5 Health Care Trends

5 Health Care Trends in 2016

**Editors note, this post was updated with new trends in Aug of 2018 from 2016 post

While there is no magic bullet to predict the future of health care jobs, there's enough data out there to help us at Concorde Career College focus in on trends in the health care industry.

With this data, we can determine what things are on the horizon of changing the nursing and allied health field.


Over the past few years, we have really seen a digital transformation of healthcare. What was a transformation is now a norm and it seems the benefits will continue to get better.

With new technologies, such as Customer Relationship Management (CRM) tools, have helped improve patient satisfaction and overall level of care.

These data tools me also help cut costs for organizations by helping identify and treat patient health issues quicker. As an example, real-time data can give doctors a snapshot of patients health which could lead to noticing early warning signs and intervention of problems. This could lower the cost of treatments due to early intervention.


All data shows that the healthcare industry will continue to grow for years to come, but much of that growth will happen in outpatient settings and ancillary services.

Healthcare out of pocket cost has grown 66% between 2005-2015, or more than twice the growth rate in wages during the same period, according to the Kaiser Family Foundation. And these costs are projected to continue to grow fast than the economy.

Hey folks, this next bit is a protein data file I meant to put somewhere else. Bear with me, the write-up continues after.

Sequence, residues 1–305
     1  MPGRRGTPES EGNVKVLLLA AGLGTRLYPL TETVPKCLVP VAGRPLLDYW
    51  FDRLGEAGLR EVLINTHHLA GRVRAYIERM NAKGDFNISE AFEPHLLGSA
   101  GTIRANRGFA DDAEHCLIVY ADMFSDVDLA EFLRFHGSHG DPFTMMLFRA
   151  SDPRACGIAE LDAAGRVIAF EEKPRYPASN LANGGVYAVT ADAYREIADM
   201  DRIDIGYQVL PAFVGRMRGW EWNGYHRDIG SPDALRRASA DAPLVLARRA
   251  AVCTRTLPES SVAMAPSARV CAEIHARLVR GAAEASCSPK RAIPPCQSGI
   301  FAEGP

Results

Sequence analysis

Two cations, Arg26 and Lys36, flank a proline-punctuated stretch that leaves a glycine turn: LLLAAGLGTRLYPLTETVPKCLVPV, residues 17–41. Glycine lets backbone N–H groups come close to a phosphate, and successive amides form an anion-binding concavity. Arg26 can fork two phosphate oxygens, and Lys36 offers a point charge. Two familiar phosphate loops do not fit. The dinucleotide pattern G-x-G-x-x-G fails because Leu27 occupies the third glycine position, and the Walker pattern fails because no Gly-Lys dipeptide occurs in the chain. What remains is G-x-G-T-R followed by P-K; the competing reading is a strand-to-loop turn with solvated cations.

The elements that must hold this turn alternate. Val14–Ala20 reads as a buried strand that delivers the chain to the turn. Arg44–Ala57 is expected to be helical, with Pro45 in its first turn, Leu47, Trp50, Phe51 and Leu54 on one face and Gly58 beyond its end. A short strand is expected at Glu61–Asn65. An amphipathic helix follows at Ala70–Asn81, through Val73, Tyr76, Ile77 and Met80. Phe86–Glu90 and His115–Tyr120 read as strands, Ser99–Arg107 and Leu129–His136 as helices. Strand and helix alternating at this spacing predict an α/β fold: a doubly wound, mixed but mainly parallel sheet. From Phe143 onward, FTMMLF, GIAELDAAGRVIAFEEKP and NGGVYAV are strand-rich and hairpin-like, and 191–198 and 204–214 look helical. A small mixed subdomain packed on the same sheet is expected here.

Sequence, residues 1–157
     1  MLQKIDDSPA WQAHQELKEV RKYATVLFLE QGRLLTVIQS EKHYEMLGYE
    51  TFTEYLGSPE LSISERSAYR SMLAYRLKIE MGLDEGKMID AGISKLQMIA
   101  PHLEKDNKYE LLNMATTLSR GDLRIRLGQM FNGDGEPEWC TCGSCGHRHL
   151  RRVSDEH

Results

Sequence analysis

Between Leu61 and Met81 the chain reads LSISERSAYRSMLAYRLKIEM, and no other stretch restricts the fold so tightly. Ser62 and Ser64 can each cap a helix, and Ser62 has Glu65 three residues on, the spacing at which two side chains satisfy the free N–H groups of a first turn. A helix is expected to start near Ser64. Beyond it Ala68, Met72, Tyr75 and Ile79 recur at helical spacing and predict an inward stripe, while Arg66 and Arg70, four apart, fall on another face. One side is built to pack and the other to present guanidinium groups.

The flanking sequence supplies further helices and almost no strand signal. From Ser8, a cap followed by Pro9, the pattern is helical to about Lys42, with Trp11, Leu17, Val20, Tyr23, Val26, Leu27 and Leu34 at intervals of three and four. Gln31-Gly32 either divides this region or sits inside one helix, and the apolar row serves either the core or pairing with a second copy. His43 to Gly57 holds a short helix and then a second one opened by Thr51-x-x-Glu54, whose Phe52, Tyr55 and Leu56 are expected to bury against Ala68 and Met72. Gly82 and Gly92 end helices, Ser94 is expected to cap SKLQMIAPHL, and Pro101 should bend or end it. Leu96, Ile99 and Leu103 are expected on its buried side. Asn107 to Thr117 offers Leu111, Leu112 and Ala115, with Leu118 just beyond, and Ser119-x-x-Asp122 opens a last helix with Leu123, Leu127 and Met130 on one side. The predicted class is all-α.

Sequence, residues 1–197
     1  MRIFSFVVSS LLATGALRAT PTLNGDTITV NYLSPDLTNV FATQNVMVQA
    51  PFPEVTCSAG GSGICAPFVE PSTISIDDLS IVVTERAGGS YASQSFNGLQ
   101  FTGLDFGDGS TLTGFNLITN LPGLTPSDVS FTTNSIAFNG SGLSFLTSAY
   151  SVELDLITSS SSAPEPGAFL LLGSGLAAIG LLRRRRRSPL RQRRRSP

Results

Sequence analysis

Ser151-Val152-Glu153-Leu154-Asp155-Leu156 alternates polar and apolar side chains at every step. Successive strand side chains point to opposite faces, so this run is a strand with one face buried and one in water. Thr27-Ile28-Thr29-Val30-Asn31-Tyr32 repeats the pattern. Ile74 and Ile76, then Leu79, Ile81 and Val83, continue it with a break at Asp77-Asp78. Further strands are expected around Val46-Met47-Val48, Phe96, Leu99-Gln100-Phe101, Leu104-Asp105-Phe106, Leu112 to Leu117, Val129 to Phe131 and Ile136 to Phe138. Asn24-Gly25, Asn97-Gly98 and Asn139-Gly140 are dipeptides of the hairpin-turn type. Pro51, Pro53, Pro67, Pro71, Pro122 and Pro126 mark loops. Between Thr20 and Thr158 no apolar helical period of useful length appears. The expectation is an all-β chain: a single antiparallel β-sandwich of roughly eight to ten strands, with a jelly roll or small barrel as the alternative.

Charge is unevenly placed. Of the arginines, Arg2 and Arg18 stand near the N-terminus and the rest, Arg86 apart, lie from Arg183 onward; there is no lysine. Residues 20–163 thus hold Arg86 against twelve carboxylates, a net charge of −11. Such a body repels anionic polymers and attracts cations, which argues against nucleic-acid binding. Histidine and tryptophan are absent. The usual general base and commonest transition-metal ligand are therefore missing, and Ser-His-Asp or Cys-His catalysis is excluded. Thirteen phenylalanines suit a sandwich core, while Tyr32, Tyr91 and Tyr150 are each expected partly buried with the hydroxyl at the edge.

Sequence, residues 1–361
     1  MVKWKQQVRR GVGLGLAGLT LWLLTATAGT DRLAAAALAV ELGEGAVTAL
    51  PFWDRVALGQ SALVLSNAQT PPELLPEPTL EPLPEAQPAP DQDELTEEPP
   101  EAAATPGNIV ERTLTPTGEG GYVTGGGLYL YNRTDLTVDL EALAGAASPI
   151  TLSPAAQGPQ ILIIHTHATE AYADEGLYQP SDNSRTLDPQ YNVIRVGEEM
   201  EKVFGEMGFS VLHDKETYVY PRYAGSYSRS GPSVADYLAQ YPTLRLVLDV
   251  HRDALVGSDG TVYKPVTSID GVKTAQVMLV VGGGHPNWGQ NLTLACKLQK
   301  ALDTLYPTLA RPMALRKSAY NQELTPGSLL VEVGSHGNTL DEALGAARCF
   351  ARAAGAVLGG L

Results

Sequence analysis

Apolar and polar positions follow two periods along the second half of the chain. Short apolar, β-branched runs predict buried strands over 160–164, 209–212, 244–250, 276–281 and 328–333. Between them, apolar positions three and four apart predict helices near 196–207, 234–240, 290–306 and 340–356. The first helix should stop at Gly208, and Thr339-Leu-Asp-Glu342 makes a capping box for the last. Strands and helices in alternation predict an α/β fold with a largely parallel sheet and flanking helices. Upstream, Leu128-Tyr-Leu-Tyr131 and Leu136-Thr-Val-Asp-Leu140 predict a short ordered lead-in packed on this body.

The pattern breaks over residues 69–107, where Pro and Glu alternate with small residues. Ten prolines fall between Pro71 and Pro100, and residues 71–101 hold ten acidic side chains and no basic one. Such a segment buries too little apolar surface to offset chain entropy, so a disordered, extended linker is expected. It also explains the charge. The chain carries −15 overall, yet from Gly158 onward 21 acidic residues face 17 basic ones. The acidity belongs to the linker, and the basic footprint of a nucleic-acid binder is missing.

In order to help the imbalance, providers must continue to push value-based initiatives and work on improving operational efficiencies. This is due to the fact governmental and commercial payers continue to reduce reimbursements, meaning healthcare growth will not necessarily mean revenue.


Telehealth, also referred to as telemedicine, is a form of remote healthcare services. The most common or popular forms of telehealth come from different platforms, telephone, email, and text messages.

Telehealth has often been used for pilot projects, however, we have started to see more and more organizations integrating telemedicine into regular practice.

Telehealth can be very beneficial for patients in rural areas as access to health care is not as prevalent. Implementations like these are good for both the healthcare industry and patients alike.


Not only are consumers shifting their paradigm of what health care professionals treat them, they have a new outlook on work-balance life issues. Employees are seeking work-balance over health benefits according to a Forbes article.

Many feel that a flexible work environment with work-from-home options should be a component of their employment. Without a doubt, employers will have to rethink their current benefits to suit different lifestyles.

If companies can begin to create cultures that support work-life balance, all parties are to benefit in productivity, retention, and quality of life.


With a well documented opioid crisis, along with Americans overdosing at a high rate daily, its hard to talk about health care trends without talking about addiction.

While funding continues to be a hot topic, we can be sure that addiction treatment will continue to be a focus in the healthcare industry. Doctors today are more educated on the signs and symptoms of addictions and are less likely to prescribe addictive drugs as prescriptions.

It does not seem like this is an issue that will go away anytime soon. We can only hope to see some changes in how society views the issues surrounding the nationwide crisis.

All around, there are new trends emerging in the health care industry for 2016. It's fueled by technology and a new focus of what consumers are looking for in their health care. And with these factors, the health care industry must adapt.


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